This morning, I remembered the story of Jagai and Madai. To give you a quick summary, Jagai and Madai were two brothers who possessed qualities that were not admirable – drinking alcohol, disrespectful, thieves, etc. On one occasion, they physically assaulted Nityananda, which angered Chaitanya Mahaprabhu. Chaitanya was ready to end their lives as he was very angered by this. Jagai and Madai repented and sought his forgiveness, and Chaitanya said he would spare their lives if his devotee Nityananda forgave them.
So what do we learn from this?
We learn two things:
1. The importance of forgiveness
Many of us often hold things in our hearts against those who have wronged us. I am guilty of it as well. I forgive people and I don’t hold a grudge against them, but at the same time, I begin to avoid spending time with them. If I care about the person deeply, I will try to mend the relationship, otherwise I let it fade. But by not forgiving others, we fill our hearts with unnecessary feelings that just occupy space and cause us grief. By being forgiving, we exhibit the qualities of devotees. We exhibit compassion and understanding, and these qualities are pleasing to Krishna. As in the case of Jagai and Madai, by forgiving others, we may also prevent them from suffering further. Imagine for a minute that you are the offender and you have done something to anger your best friend. If your friend chooses not to forgive you, you suffer a lot, don’t you? You feel hurt and upset and are filled with regret for making a mistake. In this way, forgiveness mends those who are wrong and those who are wronged. Forgiveness needs to be practiced. It is most certainly not easy but it is absolutely freeing. We must learn to forgive because after all, Krishna forgives us, doesn’t he? Why shouldn’t we forgive others, then?
Forgiveness is a virtue of the weak, and an ornament of the strong. Forgiveness subdues (all) in this world; what is there that forgiveness cannot achieve? What can a wicked person do unto him who carries the sabre of forgiveness in his hand? (From the Mahabharata, Udyoga Parva Section XXXIII, Translated by Sri Kisari Mohan Ganguli). [Taken from Wikipedia]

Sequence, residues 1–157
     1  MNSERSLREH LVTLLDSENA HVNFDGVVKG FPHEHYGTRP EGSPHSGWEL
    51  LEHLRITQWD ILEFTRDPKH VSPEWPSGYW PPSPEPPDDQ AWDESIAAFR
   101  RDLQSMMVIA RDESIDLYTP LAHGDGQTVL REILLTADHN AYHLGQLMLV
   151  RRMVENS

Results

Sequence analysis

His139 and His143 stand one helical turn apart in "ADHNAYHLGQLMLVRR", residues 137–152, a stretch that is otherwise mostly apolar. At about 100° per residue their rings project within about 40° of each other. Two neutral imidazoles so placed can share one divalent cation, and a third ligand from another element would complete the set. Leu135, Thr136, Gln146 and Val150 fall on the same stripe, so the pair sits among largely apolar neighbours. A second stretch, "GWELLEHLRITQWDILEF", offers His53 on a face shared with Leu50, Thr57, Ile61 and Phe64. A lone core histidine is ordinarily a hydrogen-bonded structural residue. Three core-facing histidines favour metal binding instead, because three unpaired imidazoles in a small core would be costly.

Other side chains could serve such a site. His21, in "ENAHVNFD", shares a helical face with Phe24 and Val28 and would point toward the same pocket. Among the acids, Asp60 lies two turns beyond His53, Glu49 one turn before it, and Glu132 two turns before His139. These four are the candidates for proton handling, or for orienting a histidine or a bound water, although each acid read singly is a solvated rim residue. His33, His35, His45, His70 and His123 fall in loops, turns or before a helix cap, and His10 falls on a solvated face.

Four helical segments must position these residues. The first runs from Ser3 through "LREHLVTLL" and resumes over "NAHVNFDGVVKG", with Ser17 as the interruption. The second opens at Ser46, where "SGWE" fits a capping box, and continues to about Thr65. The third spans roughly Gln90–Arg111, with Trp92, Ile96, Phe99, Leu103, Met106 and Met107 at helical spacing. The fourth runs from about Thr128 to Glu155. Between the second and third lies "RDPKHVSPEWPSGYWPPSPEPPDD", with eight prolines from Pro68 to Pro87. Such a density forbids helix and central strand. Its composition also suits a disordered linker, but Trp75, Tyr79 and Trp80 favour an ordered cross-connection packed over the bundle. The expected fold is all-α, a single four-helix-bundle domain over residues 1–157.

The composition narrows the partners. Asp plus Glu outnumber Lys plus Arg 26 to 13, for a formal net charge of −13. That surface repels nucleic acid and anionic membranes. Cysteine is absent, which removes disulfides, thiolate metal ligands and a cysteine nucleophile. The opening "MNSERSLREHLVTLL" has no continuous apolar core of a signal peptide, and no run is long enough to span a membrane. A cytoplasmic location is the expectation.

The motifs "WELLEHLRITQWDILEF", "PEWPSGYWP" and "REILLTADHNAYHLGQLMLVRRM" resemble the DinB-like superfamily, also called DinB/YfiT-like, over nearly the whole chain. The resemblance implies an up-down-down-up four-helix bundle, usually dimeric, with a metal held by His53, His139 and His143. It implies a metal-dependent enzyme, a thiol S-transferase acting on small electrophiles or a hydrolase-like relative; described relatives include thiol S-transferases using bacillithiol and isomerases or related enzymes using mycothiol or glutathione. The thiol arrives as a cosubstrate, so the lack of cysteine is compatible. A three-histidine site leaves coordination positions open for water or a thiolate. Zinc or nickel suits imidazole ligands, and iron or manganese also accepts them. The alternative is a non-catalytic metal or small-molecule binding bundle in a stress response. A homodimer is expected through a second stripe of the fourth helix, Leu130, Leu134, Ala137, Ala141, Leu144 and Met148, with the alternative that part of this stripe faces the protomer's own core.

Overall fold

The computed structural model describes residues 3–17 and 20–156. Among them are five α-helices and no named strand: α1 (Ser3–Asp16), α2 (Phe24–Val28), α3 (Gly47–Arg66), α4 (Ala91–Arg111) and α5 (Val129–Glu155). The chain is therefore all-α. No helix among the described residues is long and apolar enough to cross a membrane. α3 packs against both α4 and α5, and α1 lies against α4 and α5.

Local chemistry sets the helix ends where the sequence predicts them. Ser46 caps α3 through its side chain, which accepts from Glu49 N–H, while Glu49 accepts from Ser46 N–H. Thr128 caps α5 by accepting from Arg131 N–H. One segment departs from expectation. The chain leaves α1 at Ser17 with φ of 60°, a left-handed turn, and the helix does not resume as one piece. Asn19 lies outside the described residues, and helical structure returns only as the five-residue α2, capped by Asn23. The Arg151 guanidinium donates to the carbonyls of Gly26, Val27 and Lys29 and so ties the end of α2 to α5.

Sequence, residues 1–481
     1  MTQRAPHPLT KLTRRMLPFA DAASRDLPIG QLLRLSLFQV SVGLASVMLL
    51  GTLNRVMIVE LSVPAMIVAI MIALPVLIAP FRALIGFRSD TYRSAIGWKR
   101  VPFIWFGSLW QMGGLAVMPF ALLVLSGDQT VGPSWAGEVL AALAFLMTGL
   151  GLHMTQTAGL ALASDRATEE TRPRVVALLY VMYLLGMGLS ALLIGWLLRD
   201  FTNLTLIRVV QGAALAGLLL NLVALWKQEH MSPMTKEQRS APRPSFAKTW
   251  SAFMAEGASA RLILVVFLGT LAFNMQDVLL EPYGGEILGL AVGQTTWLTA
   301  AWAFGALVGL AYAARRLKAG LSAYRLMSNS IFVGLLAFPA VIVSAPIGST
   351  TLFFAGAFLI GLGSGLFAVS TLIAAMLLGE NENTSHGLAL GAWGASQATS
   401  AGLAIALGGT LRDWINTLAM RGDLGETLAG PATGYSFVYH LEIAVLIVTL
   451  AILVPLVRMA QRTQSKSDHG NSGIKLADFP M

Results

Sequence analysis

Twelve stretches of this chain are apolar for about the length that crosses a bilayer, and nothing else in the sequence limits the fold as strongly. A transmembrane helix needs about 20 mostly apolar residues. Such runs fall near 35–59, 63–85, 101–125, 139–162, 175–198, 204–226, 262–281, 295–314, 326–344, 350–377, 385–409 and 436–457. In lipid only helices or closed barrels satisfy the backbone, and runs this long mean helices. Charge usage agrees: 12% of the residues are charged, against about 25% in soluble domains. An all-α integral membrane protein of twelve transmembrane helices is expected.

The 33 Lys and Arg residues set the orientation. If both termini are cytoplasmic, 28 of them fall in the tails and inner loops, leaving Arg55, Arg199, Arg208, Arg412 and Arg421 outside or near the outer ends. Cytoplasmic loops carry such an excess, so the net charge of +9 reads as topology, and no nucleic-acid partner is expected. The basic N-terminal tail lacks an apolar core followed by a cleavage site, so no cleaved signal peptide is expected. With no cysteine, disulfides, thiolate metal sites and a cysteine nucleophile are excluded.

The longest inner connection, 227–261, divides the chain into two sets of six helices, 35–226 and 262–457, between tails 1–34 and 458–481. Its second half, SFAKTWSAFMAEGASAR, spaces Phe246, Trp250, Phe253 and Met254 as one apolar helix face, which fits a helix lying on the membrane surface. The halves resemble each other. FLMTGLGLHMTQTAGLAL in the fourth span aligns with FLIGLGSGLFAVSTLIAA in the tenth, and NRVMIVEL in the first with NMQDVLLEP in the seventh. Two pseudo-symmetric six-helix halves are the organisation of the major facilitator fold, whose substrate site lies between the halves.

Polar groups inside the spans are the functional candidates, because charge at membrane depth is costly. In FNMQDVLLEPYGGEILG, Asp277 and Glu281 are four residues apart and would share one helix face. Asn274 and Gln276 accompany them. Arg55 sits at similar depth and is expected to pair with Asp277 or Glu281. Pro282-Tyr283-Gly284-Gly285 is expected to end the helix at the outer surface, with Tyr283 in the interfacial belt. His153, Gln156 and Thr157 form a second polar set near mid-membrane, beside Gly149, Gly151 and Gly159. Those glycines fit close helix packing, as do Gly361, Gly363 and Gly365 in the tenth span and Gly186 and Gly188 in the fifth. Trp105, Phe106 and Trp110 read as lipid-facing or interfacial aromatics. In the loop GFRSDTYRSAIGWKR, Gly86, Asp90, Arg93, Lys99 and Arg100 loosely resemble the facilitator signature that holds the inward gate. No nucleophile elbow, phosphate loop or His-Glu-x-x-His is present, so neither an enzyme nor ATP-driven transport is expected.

For if you forgive men when they sin against you, your heavenly Father will also forgive you. But if you do not forgive men their sins, your Father will not forgive your sins. Matthew, 6.14-15
Needless to say, if someone is continuing to wrong you without truly repenting or feeling sorry for it, there is no reason for you to tolerate it. Simply let it slide and free yourself from the clutches of this person.
2. The authority God gives devotees
This incident of Jagai and Madai shows that as devotees, Krishna has given us certain authorities. Krishna is the ruler of this universe. He doesn’t need permission to take away someone’s life, yet he left the decision up to his devotee Nityananda. Even during the Mahabharat war, Krishna agreed to be Arjuna’s chariot driver. Again, giving his devotee the power to make decisions. Krishna steers the reins and guides the devotee’s from within, as he promises in the Gita:
“To those who are constantly devoted to serving Me with love, I give the understanding by which they can come to Me.” BG 10.10
I always find this incredibly amazing to think about. It fascinates me how the Creator of everything that exists sometimes follows the instructions of his devotees! It’s a lot like the way parents sometimes follow the orders of their children out of love. They don’t have to do it, yet they do because of the love that is shared. This is exactly why Krishna sometimes agrees to carry out the loving requests of his devotees. Isn’t he just the sweetest?